New Yankees Stadium park factor data is very limited, as the park is less than 2 years old, but believe it or not, claims that the park has suppressed runs scoring by approximately 3%. ESPN's Park Factor Data for 2010disagrees, claiming the park to have inflated runs scoring by 17.7% this year. However, ESPN's Park Factor Data for 2009 agrees with Baseball-Reference. Given the small sample size, I'm going to split the difference 65-35 between B-R's 2009 data and ESPN's 2010 data, with higher weight being given to B-R's last year data. This yields a totally unscientific runs index of about +4.245%. Multiplying Cliff Lee's context neutral RA total by 1.04245, we get a new RA total of 31.43.

Finally, we must accord for the Yankees defense to date, which has a team UZR (through 07/09/2010) of +4.6 over 755.1 innings of defensive play. That is a UZR/INN of +0.0061, which equates to about 0.63 runs prevented compared to the theoretical "league average" defensive posture. Subtracting this from Lee's adjusted RA, we get a final total of 32.06 runs allowed over 103.1 IP.

This equates into a 2.79 ERA.

Not too shabby, if you ask me. Shame the Yankees aren't paying for Cliff Lee's production to date. Hence, we seamlessly transition into part 2.

Part II: What Kind Of ERA Can We Expect For Cliff Lee Pitching For The Yankees After The All-Star Break?
Before we project Cliff Lee's second-half numbers, we need to figure out how many innings will Cliff Lee likely pitch, barring an injury for the rest of the season. Right now, Lee is averaging an unbelievable 7.95 innings per outing. I am going to pessimistically round this number down to a flat 7 for two reasons. First, the Yankees are likely to give Cliff Lee some added rest down the stretch, as they did with C.C. last season, given his injury history and current workload. Second, the Yankees, who are in a playoff push and have reliable guys like Joba Chamberlain and Mariano Rivera to finish off games, are highly unlikely (especially based on past experiences) to allow Cliff Lee, who suffered a serious abdominal injury during the offseason, to keep on pitching complete games as the summer continues to heat up (versus the Mariners, who are trying to bolster Lee's short term value). Given that he missed all of April, I find it unlikely that Lee will eclipse the 210 IP mark this season. Hence, we'll say 7 IP per start.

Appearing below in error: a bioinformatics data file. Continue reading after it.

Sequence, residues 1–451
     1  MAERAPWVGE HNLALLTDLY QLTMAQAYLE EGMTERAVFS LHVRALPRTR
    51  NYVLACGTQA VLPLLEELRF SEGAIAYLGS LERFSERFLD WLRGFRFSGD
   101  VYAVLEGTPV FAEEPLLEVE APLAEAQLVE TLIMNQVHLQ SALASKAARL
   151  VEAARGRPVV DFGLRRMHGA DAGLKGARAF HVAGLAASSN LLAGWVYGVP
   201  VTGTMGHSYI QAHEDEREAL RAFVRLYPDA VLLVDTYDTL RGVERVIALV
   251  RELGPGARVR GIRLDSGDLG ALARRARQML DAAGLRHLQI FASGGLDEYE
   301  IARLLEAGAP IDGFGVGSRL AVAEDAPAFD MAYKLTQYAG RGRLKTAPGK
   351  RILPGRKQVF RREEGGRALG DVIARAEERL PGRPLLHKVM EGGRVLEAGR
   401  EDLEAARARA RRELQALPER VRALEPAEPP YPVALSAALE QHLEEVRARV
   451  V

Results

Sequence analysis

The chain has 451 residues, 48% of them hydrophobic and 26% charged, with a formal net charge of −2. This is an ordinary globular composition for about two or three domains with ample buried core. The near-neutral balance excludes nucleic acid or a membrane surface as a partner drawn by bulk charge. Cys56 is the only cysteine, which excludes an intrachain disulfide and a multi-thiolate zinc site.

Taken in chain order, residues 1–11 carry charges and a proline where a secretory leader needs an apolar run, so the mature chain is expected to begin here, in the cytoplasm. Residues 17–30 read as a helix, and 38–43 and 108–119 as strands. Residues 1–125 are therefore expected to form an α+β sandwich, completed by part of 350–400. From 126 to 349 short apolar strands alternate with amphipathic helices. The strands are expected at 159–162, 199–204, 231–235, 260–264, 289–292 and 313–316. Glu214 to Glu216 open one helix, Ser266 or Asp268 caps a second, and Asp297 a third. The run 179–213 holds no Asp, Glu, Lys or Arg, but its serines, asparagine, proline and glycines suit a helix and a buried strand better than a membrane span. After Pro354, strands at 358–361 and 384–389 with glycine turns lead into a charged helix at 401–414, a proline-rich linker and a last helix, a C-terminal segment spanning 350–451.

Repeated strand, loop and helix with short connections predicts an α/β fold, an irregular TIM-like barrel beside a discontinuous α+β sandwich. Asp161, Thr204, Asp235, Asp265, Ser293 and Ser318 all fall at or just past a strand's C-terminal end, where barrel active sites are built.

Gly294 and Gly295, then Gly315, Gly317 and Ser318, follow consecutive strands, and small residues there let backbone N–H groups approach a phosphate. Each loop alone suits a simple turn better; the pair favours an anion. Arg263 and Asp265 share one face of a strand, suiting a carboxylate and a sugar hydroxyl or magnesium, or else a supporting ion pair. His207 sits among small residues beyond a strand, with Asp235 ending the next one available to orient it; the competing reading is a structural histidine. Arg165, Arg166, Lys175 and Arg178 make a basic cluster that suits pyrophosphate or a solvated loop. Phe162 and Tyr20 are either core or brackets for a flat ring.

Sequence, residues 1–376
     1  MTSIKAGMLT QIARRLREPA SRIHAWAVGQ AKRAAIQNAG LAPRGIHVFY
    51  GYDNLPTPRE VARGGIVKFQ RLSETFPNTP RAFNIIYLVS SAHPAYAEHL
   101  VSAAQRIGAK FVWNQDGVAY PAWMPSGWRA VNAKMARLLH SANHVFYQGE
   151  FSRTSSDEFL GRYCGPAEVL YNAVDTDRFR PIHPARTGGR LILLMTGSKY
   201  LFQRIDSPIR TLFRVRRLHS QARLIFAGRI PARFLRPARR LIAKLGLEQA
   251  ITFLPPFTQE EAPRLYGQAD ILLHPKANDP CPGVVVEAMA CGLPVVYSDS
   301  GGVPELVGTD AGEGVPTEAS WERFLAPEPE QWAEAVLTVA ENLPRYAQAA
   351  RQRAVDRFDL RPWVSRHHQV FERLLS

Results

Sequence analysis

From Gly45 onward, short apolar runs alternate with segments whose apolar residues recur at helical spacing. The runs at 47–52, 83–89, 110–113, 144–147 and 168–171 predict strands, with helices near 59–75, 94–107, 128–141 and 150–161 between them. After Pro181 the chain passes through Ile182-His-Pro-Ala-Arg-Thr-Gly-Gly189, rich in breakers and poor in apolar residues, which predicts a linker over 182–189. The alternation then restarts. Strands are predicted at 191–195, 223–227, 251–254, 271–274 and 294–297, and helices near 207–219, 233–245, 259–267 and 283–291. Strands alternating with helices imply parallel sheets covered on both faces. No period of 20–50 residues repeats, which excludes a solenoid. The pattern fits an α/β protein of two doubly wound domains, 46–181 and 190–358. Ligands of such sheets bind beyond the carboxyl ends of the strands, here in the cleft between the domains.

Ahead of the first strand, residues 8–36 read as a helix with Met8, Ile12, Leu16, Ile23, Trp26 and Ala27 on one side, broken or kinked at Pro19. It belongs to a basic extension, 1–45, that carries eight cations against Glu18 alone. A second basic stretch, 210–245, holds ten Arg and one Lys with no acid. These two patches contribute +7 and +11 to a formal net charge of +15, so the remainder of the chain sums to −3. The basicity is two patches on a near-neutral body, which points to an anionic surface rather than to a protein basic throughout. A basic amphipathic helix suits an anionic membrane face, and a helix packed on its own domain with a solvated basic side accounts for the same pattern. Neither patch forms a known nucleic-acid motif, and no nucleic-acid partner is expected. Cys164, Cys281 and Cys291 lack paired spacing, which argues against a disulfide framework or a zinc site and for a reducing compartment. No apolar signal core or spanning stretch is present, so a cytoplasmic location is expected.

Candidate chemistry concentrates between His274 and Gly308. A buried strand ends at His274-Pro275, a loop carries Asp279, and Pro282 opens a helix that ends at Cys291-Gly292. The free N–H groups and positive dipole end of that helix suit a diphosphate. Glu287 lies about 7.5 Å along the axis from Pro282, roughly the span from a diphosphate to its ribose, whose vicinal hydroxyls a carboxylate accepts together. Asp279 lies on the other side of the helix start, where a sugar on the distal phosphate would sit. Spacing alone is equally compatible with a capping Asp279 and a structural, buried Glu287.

The Yankees have played 85 games so far this season and have 77 games remaining. On a five man rotation, this allots 15 games per starter plus 2 extra games to spare. For the reasons given above, I'll assume that Lee will not pitch one of those "extra two" games. However, I will assume that, barring injury, he will play in the other 15 allotted starts. This would afford Lee a second-half innings projection of 105 (for a season total of 208.1 IP).

Taking Cliff Lee's 3.24 xFIP as the baseline for projection analysis, we will use the above rates for Yankee Stadium and the Yankee's defense to project Cliff Lee's 2010 second-half ERA. A 3.24 xFIP over 105 IP would mean that Cliff Lee would yield 37.80 runs (RA) in a neutral context in the second half.

Adjusting first for park factors, Cliff Lee's 37.8 RA total would have to be multiplied by 1.04245, see supra, we get a park-adjusted RA of 39.40. Next, accounting for the Yankee's defense (+0.0061 UZR/INN), we subtract 0.64 (UZR/INN*105) from his park-adjusted RA to get a final RA projection of 38.76.

The above equivocates into 3.32 ERA for Cliff Lee if he plays in Pinstripes for the second-half of 2010.

This figure, of course, assumes that Cliff Lee's pin-point control (0.52 BB/9 through his first 13 starts) remains constant and he keeps hitters swinging and missing at the same rate. I'm not entirely convinced that Lee keeps up the super low walk rate, however.

Ultimately, though, you can see why the Yankees are willing to pay such a high price for Cliff Lee: he's legitimately really, really good.